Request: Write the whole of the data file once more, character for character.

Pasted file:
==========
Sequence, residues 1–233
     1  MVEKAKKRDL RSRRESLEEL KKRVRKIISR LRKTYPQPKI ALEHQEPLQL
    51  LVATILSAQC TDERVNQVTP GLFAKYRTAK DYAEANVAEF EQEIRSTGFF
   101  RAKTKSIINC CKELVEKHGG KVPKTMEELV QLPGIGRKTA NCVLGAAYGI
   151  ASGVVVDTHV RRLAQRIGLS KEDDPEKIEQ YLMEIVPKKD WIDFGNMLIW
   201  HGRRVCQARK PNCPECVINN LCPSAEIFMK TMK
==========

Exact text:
Sequence, residues 1–233
     1  MVEKAKKRDL RSRRESLEEL KKRVRKIISR LRKTYPQPKI ALEHQEPLQL
    51  LVATILSAQC TDERVNQVTP GLFAKYRTAK DYAEANVAEF EQEIRSTGFF
   101  RAKTKSIINC CKELVEKHGG KVPKTMEELV QLPGIGRKTA NCVLGAAYGI
   151  ASGVVVDTHV RRLAQRIGLS KEDDPEKIEQ YLMEIVPKKD WIDFGNMLIW
   201  HGRRVCQARK PNCPECVINN LCPSAEIFMK TMK